July 18, 2013
The Verizon Edge program, which begins Aug. 25, also allows customers to get a new Smartphone or tablet every year with no long-term service contracts, finance charges or upgrade fees. Customers can also upgrade to a new phone after six months — but only if 50 percent of the full retail price of the device has been paid.
“If you want to stay on top of the latest technology, the new Verizon Edge device payment plan offers an affordable way to upgrade to the newest device and satisfy your love of technology,” said Verizon Wireless public relations manager David Samberg in a blog post. “Verizon Edge is a flexible equipment payment plan that spreads the retail price of a phone over 24 months.”
Customers simply choose the device they want and then sign up. The price of the phone is stretched out over a two-year period with the customer paying the first month at the time of purchase.
Verizon’s announcement comes just two days after AT&T announced its Next program.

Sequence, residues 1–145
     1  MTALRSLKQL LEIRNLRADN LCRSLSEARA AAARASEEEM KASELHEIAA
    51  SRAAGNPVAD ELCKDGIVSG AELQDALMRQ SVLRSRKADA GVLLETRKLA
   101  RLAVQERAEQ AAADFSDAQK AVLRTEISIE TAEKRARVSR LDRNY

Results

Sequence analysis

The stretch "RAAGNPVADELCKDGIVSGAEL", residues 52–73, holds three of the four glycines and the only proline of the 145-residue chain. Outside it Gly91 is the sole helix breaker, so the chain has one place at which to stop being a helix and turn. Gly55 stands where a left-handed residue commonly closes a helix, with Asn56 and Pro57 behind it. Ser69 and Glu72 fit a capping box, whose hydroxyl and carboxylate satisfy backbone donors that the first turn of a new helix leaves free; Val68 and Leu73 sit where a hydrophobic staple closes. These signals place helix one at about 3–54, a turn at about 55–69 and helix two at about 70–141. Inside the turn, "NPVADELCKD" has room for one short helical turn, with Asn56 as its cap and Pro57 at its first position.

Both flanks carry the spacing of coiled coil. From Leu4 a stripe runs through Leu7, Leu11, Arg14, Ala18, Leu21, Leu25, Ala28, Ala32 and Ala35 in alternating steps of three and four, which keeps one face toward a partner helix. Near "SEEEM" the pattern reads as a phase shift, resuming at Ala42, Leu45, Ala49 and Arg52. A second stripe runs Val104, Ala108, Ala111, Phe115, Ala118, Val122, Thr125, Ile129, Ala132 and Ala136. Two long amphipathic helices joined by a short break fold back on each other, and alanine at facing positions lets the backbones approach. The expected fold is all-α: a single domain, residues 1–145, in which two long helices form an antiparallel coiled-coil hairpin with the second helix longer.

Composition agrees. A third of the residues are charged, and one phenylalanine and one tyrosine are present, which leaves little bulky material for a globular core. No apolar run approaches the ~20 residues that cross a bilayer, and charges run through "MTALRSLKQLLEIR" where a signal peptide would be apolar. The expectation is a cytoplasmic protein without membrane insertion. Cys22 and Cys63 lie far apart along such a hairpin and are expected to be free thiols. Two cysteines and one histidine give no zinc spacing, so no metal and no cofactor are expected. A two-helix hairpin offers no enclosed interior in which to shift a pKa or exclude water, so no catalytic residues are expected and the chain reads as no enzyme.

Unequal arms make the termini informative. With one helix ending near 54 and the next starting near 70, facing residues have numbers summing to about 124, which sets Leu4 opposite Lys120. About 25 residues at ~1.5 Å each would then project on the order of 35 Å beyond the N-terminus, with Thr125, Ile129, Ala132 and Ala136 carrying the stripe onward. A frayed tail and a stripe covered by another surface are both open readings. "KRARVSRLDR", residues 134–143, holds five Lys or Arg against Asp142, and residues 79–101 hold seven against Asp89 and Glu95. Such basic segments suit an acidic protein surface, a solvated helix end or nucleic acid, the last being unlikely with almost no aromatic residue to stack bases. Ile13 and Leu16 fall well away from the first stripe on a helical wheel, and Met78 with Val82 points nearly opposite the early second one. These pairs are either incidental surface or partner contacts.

As part of Next, customers must pay monthly installments for the device and, after 12 months, trade it in or opt to keep it and have no more payments after 20 months. Both new AT&T customers and existing customers who are upgrade eligible can take advantage of the program.
Any current Smartphone or tablet in AT&T’s lineup is eligible for the Next program. The interest-free monthly payments range from $15 to $50, depending on the device selected. For example, a customer who selects the Samsung Galaxy S 4 would pay $32 per month, in addition to the monthly wireless service plan they choose. There will be no penalty for paying off the installment plan early.
T-Mobile, meanwhile, announced JUMP, its phone upgrade program late last week.
T-Mobile has yet to release many details of JUMP, which officially launched July 14, but said it will allow customers to upgrade their phones up to twice per year — as soon as six months from enrollment.
The wireless firm has also been quite critical of AT&T’s plan, calling it a “poor copycat” of its own plan.
“They’re charging you twice on the same phone and calling that a good deal,” T-Mobile executive Andrew Sherrard told CNet.